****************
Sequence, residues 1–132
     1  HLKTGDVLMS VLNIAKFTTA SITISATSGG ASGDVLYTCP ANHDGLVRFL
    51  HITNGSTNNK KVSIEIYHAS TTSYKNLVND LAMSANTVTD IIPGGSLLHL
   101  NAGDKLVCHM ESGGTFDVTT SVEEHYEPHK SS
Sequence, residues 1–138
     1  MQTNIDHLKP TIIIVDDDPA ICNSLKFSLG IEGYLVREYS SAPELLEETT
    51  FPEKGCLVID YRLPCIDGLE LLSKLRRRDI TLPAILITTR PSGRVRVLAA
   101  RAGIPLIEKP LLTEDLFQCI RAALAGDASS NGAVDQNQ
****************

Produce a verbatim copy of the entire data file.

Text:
Sequence, residues 1–132
     1  HLKTGDVLMS VLNIAKFTTA SITISATSGG ASGDVLYTCP ANHDGLVRFL
    51  HITNGSTNNK KVSIEIYHAS TTSYKNLVND LAMSANTVTD IIPGGSLLHL
   101  NAGDKLVCHM ESGGTFDVTT SVEEHYEPHK SS
Sequence, residues 1–138
     1  MQTNIDHLKP TIIIVDDDPA ICNSLKFSLG IEGYLVREYS SAPELLEETT
    51  FPEKGCLVID YRLPCIDGLE LLSKLRRRDI TLPAILITTR PSGRVRVLAA
   101  RAGIPLIEKP LLTEDLFQCI RAALAGDASS NGAVDQNQ